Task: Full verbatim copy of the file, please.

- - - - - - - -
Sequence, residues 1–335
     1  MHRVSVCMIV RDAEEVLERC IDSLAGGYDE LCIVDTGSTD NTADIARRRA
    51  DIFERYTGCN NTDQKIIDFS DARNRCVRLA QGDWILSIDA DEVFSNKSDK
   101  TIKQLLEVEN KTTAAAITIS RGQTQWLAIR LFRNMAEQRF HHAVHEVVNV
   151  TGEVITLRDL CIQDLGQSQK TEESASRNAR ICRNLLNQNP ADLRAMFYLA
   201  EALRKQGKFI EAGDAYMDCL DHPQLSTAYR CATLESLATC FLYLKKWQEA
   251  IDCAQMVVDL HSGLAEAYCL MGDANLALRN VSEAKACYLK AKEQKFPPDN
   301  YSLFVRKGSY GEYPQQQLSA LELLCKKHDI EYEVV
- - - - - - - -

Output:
Sequence, residues 1–335
     1  MHRVSVCMIV RDAEEVLERC IDSLAGGYDE LCIVDTGSTD NTADIARRRA
    51  DIFERYTGCN NTDQKIIDFS DARNRCVRLA QGDWILSIDA DEVFSNKSDK
   101  TIKQLLEVEN KTTAAAITIS RGQTQWLAIR LFRNMAEQRF HHAVHEVVNV
   151  TGEVITLRDL CIQDLGQSQK TEESASRNAR ICRNLLNQNP ADLRAMFYLA
   201  EALRKQGKFI EAGDAYMDCL DHPQLSTAYR CATLESLATC FLYLKKWQEA
   251  IDCAQMVVDL HSGLAEAYCL MGDANLALRN VSEAKACYLK AKEQKFPPDN
   301  YSLFVRKGSY GEYPQQQLSA LELLCKKHDI EYEVV